You seem to be talking about something different than what Delta is talking about. He's talking about percentages, you're talking about quantities.

DeleteWe're both discussing percentages. The question is whether "predictable result on the probabilities" (i.e. +1 increases the probability by 0.05) which is self-evidently predictable and comprehensible is in fact a "consistent effect on the probabilities".

DeleteAn easier way of expressing it is that if I could get an absolute +5% chance of winning at roulette then that has a small improvement on me putting all my money on red, but a *huge* improvement if I put all my money on #13. So I'm saying that +5% at roulette does not have a "consistent effect". As a gambler I would most definitely be complaining it wasn't fair! Whereas Delta is saying that as the probability is consistently increased by an absolute +5% that it must therefore be considered a consistent effect.

It's a semantic argument about the meaning of the words - probably better suited to a pint down the pub than over the internet!

LWSHURTZ - perhaps you meant Delta's talking about probabilities whereas I'm talking about proportions.

DeleteIt's also worth mentioning that in probability for two mutually exclusive events the chance of either occurring is the *sum* of the probabilities, so with probabilities you do often add percentages - which would be extremely rare when discussing proportions.

That is what I meant, thank you. However, I can't really parse what you mean when you say that a +5% chance of winning on roulette has different relative effect depending on whether you place your bet on red or #13. I mean, I get what you're driving at - your overall chance of winning on red is higher, so the +5% makes a smaller difference compared to the base rate than when you bet on #13... but that comparison, while true, is also irrelevant. So what if it does? The fact is, the change in probability is exactly the same for each one. Why would I care about the probability-relative-to-unmodified-chance? I think that's a fallacious move, tied to the assumption that the option with the smaller chance has a bigger payoff - true in the case of routlette, so the +5% has a greater expected value, but that's contingent on the circumstances. 5% is 5% is 5%.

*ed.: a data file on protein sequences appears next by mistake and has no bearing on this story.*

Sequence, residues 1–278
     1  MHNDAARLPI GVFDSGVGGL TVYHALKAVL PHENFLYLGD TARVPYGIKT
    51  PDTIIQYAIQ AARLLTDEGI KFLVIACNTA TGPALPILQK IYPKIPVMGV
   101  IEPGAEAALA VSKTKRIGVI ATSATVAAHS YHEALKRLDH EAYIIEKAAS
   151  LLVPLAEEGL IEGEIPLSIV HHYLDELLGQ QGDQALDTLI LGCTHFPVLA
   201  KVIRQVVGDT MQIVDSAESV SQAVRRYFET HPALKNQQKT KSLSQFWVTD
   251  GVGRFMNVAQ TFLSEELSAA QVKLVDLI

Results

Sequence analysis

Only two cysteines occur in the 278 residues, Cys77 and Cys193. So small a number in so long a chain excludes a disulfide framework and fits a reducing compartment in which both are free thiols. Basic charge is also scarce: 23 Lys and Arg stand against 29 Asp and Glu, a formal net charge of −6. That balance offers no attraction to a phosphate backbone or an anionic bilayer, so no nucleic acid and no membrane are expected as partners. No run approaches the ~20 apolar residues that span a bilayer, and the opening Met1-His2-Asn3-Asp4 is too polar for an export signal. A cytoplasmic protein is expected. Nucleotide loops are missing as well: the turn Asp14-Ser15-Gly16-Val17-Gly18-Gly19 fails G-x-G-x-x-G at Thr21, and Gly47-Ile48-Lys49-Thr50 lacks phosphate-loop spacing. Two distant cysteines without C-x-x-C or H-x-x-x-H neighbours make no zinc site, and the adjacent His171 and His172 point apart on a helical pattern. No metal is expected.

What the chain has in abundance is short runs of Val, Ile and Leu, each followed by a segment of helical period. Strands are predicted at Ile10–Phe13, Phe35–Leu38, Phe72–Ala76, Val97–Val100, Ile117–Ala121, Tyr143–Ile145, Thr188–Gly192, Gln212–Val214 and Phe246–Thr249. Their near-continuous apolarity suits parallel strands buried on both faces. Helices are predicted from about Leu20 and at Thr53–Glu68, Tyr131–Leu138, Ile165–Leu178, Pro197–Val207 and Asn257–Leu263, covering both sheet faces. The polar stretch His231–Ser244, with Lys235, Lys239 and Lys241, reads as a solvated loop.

DeleteBut I'll happily take you up on the pint! Discussing semantics with friends is exactly my idea of a fine way to pass an evening!

DeleteThe point is you would care because suddenly the game is entirely changed. Normally putting a bet on anything always gives you an average return of 36/37. Giving yourself +5% turns that into an average return of 2.77 for #13, but 1.073 for red. That is the effects on the people playing the game and having no idea whatsoever about the underlying probabilities are exceedingly obviously extremely different. It is *exactly* the same in other circumstances I described. The difference between 0% chance of dying and 5% chance of dying is huge, 50 to 55% and noone would really notice.

DeleteIn other words, if the only way in which you feel the impact is the same is by looking at the underlying numbers, then the impact isn't equivalent. Why would you care that the absolute change in probabilities is the same?

Sorry, I just find this response baffling in the extreme. Your argument seems to rest on the idea that I wouldn't care about a 5% change in my chance of dying in one case and I would in another, but since I care about both equally, because they are the *same change in my chance of dying*, that's just flat-out false. I mean, I want to make sure I'm understanding you here - I don't want to give you short shrift - but is your argument essentially a psychological one? That the 5% is somehow "different" from one case to the other because people care about them differently?

DeleteNo. For that particular part of the argument consider if I'm climbing something I know to be perfectly safe and I notice my rope is frayed meaning there's a 5% chance of me dying - then I will stop and won't carry on. A perfectly safe bet has just become dangerous. If I'm climbing Everest solo and I notice that the rope is frayed and the chance of me dying has gone up from 50% to 55% then I would carry on regardless as a highly risky activity has become slightly more risky.

DeleteIt might sound like it's a psychological effect, but it isn't. Imagine climbing Everest solo with a 1% chance of dying per rope pitch, and there are sufficient pitches that there's a 50% chance I'll die. Consider increasing my chances of death by 5%. If I mean chance of death is *1.05 then it doesn't matter if that's +5% per pitch or +5% for the climb - it's the same. If I mean add 5% to the chance of death then is that +5% per rope pitch (which would make death on the climb almost a certainty) or +5% for the whole climb? Adding fixed percentages doesn't really make sense as a modification to chances.